Cryptanalysis of White-Box Implementations
A white-box implementation of a block cipher is a software implementation from which it is difficult for an attacker to extract the cryptographic key. Chow et al. published white-box implementations for AES and DES that both have been cryptanalyzed. However, these white-box implementations are based on ideas that can easily be used to derive white-box implementations for other block ciphers as well. As the cryptanalyses published use typical properties of AES and DES, it remains an open question whether the white-box techniques proposed by Chow et al. can result in a secure white-box implementation for other ciphers than AES and DES. In this paper we identify a generic class of block ciphers for which the white-box techniques of Chow et al. do not result in a secure white-box implementation. The result can serve as a basis to design block ciphers and to develop white-box techniques that do result in secure white-box implementations.
A polarisation based Visual Crypto System and its Secret Sharing Schemes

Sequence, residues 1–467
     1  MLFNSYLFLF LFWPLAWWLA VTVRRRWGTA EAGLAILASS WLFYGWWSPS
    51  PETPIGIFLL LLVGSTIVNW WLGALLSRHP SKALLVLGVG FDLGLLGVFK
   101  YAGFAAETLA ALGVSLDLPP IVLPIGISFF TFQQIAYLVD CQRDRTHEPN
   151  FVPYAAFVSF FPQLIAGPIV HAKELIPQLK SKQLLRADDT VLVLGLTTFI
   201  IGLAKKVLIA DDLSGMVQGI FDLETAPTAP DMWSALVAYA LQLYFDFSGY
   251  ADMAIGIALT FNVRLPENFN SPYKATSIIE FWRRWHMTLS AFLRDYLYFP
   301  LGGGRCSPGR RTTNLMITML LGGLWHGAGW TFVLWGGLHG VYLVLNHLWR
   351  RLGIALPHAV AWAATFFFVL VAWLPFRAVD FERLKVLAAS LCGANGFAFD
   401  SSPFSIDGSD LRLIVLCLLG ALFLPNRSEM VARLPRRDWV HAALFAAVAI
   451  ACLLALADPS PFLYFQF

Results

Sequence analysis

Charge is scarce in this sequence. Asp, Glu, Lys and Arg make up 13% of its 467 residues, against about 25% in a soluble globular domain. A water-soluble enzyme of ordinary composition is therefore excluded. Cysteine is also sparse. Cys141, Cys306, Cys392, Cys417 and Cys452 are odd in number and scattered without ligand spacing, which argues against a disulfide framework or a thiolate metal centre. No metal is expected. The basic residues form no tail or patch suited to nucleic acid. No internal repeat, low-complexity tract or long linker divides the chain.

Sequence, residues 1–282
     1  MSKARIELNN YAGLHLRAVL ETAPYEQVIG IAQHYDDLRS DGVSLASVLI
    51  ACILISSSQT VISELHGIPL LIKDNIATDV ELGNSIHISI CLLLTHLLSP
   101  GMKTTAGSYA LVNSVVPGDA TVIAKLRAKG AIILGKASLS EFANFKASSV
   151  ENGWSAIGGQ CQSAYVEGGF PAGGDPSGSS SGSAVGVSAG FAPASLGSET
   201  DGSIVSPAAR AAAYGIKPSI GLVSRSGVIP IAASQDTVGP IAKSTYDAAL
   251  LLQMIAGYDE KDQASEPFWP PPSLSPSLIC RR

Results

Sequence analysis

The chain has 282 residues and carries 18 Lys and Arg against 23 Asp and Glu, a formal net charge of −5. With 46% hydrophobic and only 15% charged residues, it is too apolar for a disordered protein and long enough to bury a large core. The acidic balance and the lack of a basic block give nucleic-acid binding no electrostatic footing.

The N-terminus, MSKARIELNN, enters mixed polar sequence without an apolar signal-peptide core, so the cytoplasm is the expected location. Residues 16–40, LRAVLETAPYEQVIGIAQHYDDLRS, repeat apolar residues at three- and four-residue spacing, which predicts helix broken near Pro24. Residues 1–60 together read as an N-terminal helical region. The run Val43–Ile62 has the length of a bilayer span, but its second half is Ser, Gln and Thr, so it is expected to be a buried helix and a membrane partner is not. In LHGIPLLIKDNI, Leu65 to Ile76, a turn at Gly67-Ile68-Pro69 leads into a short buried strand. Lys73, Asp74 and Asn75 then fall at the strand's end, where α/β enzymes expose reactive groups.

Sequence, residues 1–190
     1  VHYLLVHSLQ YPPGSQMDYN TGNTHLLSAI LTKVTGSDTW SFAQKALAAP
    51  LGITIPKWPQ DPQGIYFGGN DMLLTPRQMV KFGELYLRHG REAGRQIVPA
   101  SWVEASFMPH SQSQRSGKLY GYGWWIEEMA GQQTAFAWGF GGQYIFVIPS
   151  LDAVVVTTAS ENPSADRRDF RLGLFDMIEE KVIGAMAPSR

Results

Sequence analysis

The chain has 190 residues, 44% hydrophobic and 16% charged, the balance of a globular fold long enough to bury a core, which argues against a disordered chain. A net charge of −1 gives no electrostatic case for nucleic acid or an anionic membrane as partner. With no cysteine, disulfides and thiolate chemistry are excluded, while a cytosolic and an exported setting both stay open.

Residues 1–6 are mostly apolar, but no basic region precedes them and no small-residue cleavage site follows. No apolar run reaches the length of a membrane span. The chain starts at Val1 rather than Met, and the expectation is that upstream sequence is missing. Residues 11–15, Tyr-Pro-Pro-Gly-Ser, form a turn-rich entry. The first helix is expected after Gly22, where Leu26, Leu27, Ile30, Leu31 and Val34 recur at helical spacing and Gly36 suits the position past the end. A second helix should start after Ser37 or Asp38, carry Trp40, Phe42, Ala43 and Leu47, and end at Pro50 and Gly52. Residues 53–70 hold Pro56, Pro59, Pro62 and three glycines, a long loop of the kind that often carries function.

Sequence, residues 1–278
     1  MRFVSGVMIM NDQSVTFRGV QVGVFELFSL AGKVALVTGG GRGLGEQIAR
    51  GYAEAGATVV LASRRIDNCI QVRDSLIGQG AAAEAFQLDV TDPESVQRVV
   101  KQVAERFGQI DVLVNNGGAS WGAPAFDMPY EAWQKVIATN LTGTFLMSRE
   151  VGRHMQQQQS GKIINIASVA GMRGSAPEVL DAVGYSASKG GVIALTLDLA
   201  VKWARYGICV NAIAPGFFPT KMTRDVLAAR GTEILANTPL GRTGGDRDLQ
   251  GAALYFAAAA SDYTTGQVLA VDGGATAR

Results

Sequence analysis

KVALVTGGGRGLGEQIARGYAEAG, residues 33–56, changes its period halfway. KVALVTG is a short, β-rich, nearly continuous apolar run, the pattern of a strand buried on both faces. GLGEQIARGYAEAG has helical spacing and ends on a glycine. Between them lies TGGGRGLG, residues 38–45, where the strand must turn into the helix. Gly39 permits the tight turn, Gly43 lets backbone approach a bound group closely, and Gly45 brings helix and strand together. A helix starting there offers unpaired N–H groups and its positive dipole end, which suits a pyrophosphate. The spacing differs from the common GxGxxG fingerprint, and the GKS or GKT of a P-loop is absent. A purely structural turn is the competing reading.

In this paper, we present a new visual crypto system based on the polarisation of light and investigate the existence and structure of the associated threshold visual secret sharing schemes. It is shown that very efficient $(n,n)$ schemes exist and that $(2,n)$ schemes are equivalent to binary codes. The existence of $(k,n)$ schemes is shown in general by two explicit constructions. Finally, bounds on the physical properties as contrast and resolution are derived.
An addition to the paper: A polarisation based visual crypto system and its secret sharing schemes
An (n,k) pair is a pair of binary nxm matrices (A,B), such that the weight of the modulo-two sum of any i rows, 1\leq i \leq k, from A or B is equal to a_i or b_i, respectively, and moreover, a_i=b_i, for 1\leq i < k, while a_k \neq b_k. In this note we first show how to construct an (n,k) Threshold Visual Secret Sharing Scheme from an (n,k) pair. Then, we explicitly construct an (n,k)-pair for all n and k with 1 \leq k <n.